Call drop penalty waived, government assures quality oversight (Roundup)

New Delhi, May 11 (IANS) Telecom operators heaved a sigh of relief on Wednesday with the Supreme Court scrapping the watchdog’s order on compensating subscribers for call drops even as the government assured mobile phone users that it will keep a check on service quality.

“Unreasonable, arbitrary, non-transparent and unconstitutional,” was how the apex court bench of Justice Kurian Joseph and Justice Rohinton Fali Nariman described the relevant notification by the Telecom Regulatory Authority of India (TRAI) on call drop penalty.

The bench struck down the December 16, 2015 verdict of the Delhi High Court judgment that had upheld the regulator’s order that kept the penalty at one rupee to be credited to a user’s account for every call drop, subject to three such events a day.

“We are very pleased with the Supreme Court verdict. It affirms what we have been saying all along,” Rajan S. Mathews, director general of the Cellular Operators’ Association of India (COAI), told IANS, alluding to a host of factors being responsible for the menace of call drops.

“Now, let us move forward and fix the real issues — like having more cell towers, affordable spectrum and working with the local authorities to get the infrastructure in place,” Rajan said, just ahead of the next round of auction for airwaves.

The service providers, during the hearing, had contended that TRAI decision was a “populist” measure to accommodate consumers as call drops were happening for host of external considerations not attributable to them.

However, TRAI had defended its decision to impose the call drop penalty, describing it as a “least invasive way to deal with the issue” and told the apex court that the service providers must enhance their investment in infrastructure as they were earning huge revenues.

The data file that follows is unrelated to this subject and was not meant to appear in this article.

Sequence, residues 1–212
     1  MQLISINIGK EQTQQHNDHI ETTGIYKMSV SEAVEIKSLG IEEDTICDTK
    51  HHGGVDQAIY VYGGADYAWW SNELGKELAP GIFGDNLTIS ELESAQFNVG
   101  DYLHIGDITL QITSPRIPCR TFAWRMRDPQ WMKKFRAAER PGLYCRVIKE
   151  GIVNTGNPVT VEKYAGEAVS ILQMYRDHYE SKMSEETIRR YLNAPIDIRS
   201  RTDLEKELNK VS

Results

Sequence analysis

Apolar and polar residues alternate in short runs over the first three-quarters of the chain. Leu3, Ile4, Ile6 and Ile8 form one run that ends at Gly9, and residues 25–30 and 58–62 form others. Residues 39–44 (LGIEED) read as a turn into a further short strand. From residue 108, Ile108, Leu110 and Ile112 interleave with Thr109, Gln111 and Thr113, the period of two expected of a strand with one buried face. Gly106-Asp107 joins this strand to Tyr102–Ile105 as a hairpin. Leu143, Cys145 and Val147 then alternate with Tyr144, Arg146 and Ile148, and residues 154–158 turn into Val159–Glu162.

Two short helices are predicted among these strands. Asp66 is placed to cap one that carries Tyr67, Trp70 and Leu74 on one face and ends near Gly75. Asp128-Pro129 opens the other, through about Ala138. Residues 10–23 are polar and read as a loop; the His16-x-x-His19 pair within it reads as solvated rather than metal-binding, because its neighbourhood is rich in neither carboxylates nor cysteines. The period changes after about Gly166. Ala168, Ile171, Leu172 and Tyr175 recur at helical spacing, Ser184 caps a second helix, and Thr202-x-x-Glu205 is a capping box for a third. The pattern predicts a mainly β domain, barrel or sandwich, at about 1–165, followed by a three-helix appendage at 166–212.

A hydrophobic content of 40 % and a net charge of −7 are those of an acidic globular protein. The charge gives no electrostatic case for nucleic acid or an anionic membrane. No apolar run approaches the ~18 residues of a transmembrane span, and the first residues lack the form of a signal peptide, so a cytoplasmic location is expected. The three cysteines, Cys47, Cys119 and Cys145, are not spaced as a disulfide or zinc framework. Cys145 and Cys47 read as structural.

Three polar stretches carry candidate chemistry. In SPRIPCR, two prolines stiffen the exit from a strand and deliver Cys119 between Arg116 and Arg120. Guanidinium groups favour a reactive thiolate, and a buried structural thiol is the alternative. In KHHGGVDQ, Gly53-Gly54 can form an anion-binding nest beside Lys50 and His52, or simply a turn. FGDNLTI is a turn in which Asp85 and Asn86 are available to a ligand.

“Consumers expect mobile operators to provide good services. I as the minister will keep a check that they are doing it,” Communications Minister Ravi Shankar Prasad said, adding the telecom firms must identify the gaps and step up investments in infrastructure.

“Telecom companies are responsible to give satisfactory service to customers.”

Prasad said the telecom companies have added 90,000 cellular sites since last July across the country. “They need to do more.”

Attorney General Mukul Rohatgi had earlier said in his arguments that there were a total of 800 crore call drops a year. If the call drops at the users’ end were taken into consideration, the penalty would amount to no more than Rs.512 crore.

This, he had added, would get reduced further if the cap of three were invoked.

The COAI and the Association of Unified Service Providers of India (AUSPI) in a joint statement said the telecom firms are committed to work with TRAI on focusing on the core issues that impede the delivery of quality of service such as availability of affordable spectrum and timely permissions for locating cell towers.

“The industry has made consistent and significant efforts to optimize networks and which have largely been completed, with more than 2 lakh sites being installed in last 15 months for 2G and 3G services across the country since January 1, 2015. The industry believes that these efforts will bring substantial conformity with TRAI’s quality of services requirements,” the joint statement said.



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